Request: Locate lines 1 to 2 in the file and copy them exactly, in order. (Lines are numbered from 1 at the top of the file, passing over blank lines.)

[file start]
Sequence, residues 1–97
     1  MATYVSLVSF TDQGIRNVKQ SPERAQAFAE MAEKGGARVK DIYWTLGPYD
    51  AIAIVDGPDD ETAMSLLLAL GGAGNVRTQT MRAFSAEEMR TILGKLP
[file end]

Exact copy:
Sequence, residues 1–97
     1  MATYVSLVSF TDQGIRNVKQ SPERAQAFAE MAEKGGARVK DIYWTLGPYD